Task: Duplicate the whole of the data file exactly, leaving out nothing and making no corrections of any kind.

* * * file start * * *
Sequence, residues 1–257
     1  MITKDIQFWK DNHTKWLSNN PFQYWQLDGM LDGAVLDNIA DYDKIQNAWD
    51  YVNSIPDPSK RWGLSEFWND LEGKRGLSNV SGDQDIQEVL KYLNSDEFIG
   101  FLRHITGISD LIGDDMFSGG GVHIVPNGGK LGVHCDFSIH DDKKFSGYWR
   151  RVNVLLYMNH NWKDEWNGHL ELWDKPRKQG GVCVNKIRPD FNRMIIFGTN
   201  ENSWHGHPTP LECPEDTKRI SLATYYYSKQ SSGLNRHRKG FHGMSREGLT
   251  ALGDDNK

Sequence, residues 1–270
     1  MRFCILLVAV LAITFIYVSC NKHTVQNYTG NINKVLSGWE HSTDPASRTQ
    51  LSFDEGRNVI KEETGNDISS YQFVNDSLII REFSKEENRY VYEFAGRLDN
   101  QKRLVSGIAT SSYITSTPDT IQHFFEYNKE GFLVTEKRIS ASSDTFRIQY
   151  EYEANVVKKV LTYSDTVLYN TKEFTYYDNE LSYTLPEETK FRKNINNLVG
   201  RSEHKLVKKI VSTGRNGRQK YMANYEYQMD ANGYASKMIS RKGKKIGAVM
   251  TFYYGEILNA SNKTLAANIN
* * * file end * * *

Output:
Sequence, residues 1–257
     1  MITKDIQFWK DNHTKWLSNN PFQYWQLDGM LDGAVLDNIA DYDKIQNAWD
    51  YVNSIPDPSK RWGLSEFWND LEGKRGLSNV SGDQDIQEVL KYLNSDEFIG
   101  FLRHITGISD LIGDDMFSGG GVHIVPNGGK LGVHCDFSIH DDKKFSGYWR
   151  RVNVLLYMNH NWKDEWNGHL ELWDKPRKQG GVCVNKIRPD FNRMIIFGTN
   201  ENSWHGHPTP LECPEDTKRI SLATYYYSKQ SSGLNRHRKG FHGMSREGLT
   251  ALGDDNK

Sequence, residues 1–270
     1  MRFCILLVAV LAITFIYVSC NKHTVQNYTG NINKVLSGWE HSTDPASRTQ
    51  LSFDEGRNVI KEETGNDISS YQFVNDSLII REFSKEENRY VYEFAGRLDN
   101  QKRLVSGIAT SSYITSTPDT IQHFFEYNKE GFLVTEKRIS ASSDTFRIQY
   151  EYEANVVKKV LTYSDTVLYN TKEFTYYDNE LSYTLPEETK FRKNINNLVG
   201  RSEHKLVKKI VSTGRNGRQK YMANYEYQMD ANGYASKMIS RKGKKIGAVM
   251  TFYYGEILNA SNKTLAANIN